:roflhard:

Knitting_Guy
04-17-2008, 11:58 PM
:rofl:

I just have to say here that I truly laughed out loud when I read your post.

Knitting isn't about perfection or getting everything just right, it's about stress relief, spending a little time just relaxing while doing something you enjoy, and creating something that is truly your own.

When I first started knitting I stressed over the fact that my knitting wasn't perfect but a very wise man told me that knitting is meant to relieve stress, not cause it. Relax and enjoy it.

That made all the difference in the world to me. Maybe it will to you as well. Best advice I ever got.

sue in canada
04-18-2008, 07:48 AM
I agree with most of the posts. Don't worry about mistakes, everyone makes them. Just take your time and enjoy what you are doing. I agree with the idea of not using the kits to start, just buy some relatively cheap yarn and needles and practice the basics to gain confidence. I don't know where you are in Ontario, but there are some very helpful people in LYS who will advise you where to start or you can use Michaels coupons to buy practice yarn or needles. Do you have a knitting friend or family member who could knit along with you? Good luck and happy knitting. Look forward to seeing you around KH and to hear about your progress.

WandaT
04-18-2008, 08:18 AM
I'll put my .02 in too, although you've gotten some wonderful feedback here already. Girl, my entire first year of knitting was practice stuff (dishcloths and scarves mainly). It took me forEVER to get the hang of knitting. I had been a crocheter all my life and I wanted desperately to learn to knit. I had nightmares over trying to control TWO needles instead of one crochet hook. I watched Knitty Gritty over and over and over again. I had a good friend and my MIL help me. I still struggled. One day while watching Knitty Gritty (and I had seen that episode several times already) I realized I was wrapping my yarn in the opposite direction which made my stitches sit backwards on my needle. Talk about an "aha moment!" Life got much easier after that. And while I was learning (man I must really be a slow learner!) it was very stressful to me. I would be so tense from trying so hard that my muscles would ache afterwards. I did eventually get it and it is now very relaxing and therapeutic for me. After my first year of scarves and dishcloths I decided to tackle something other than garter and stockinette stitches ... I LOVE trying new things now. And have to confess: I don't think I have every completed any project that I didn't have to frog something on. I've only been knitting for about 2-1/2 years but it has replaced my other obssessions (beading, stamping, scrapbooking) most of the time.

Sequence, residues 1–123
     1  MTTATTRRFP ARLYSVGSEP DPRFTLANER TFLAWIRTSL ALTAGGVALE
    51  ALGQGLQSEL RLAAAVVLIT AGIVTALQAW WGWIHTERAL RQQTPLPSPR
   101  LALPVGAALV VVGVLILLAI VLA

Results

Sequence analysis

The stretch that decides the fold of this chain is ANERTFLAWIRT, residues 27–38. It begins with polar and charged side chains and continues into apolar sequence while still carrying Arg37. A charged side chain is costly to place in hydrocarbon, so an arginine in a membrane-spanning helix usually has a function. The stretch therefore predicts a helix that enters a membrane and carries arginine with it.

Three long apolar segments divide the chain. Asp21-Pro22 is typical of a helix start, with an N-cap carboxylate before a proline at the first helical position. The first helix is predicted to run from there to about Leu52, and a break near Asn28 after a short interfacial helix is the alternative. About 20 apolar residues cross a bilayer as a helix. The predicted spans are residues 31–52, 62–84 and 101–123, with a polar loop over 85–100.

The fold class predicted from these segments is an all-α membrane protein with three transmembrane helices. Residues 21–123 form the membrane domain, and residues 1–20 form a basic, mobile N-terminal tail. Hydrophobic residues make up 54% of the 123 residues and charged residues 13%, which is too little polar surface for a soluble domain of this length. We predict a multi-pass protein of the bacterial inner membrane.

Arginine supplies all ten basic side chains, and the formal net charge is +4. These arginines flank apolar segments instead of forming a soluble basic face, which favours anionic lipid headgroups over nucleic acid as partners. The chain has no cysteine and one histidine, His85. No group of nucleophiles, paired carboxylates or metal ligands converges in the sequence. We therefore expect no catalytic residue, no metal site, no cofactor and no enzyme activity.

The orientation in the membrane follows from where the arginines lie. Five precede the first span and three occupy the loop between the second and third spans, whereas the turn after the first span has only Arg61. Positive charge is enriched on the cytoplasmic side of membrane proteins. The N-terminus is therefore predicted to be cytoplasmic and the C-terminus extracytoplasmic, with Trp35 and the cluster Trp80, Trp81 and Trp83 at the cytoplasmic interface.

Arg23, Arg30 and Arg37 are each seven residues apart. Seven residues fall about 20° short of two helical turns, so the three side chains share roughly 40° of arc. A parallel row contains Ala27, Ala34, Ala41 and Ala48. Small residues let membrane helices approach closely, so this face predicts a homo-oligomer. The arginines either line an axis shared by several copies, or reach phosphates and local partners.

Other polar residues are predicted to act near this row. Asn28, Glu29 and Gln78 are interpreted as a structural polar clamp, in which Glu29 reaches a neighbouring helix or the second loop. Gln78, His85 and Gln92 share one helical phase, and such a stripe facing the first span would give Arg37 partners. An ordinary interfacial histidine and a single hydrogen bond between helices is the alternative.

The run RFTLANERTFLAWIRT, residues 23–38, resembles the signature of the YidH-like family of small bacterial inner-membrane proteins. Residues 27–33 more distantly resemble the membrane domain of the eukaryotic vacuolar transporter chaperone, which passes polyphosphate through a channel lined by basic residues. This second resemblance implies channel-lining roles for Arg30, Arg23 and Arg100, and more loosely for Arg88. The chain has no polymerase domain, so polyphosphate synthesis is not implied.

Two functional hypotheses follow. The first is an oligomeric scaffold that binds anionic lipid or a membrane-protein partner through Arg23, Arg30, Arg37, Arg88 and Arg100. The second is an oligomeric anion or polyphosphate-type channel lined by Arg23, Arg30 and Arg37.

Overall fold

Oh and my "baby" is 18 and getting ready to graduate in less than two months ... so I have way more time to knit than I'm sure you do. Although I sure wish I had discovered knitting when my kids were little. It would've been so much fun to knit for them! Oh well, I'll just wait for grandbabies. :D

Natrasha